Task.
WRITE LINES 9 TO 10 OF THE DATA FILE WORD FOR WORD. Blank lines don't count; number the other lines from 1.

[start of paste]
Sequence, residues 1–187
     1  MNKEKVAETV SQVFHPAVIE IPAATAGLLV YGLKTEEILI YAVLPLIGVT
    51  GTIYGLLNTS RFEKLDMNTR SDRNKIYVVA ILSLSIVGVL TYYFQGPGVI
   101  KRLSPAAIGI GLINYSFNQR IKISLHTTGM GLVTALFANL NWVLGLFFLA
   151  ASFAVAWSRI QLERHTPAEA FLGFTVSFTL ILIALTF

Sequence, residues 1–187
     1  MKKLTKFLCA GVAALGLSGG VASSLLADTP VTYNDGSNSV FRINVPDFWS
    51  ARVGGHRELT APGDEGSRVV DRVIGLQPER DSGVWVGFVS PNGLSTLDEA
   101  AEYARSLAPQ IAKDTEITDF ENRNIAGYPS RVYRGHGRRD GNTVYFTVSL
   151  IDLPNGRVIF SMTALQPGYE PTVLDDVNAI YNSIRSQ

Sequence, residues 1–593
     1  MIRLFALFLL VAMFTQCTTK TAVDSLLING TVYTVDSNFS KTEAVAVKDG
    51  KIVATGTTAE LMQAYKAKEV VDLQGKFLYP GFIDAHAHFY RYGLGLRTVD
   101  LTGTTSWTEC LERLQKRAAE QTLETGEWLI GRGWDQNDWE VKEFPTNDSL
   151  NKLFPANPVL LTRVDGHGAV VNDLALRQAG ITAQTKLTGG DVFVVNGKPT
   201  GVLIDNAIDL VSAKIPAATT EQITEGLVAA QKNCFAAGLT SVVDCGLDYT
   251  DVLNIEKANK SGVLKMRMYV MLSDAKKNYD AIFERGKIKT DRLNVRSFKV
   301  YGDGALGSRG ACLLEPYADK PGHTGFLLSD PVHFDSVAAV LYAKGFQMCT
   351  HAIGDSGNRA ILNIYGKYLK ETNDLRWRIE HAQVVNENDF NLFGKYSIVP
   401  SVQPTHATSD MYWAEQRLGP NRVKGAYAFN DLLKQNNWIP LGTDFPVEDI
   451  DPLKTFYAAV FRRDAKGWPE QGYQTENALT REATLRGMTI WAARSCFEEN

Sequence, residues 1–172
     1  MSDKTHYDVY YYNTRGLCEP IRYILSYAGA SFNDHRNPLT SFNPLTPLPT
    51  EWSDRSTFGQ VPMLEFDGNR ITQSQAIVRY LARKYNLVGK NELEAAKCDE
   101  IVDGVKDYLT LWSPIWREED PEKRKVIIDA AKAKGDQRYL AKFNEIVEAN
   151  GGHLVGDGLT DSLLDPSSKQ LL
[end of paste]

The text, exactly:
   101  AEYARSLAPQ IAKDTEITDF ENRNIAGYPS RVYRGHGRRD GNTVYFTVSL
   151  IDLPNGRVIF SMTALQPGYE PTVLDDVNAI YNSIRSQ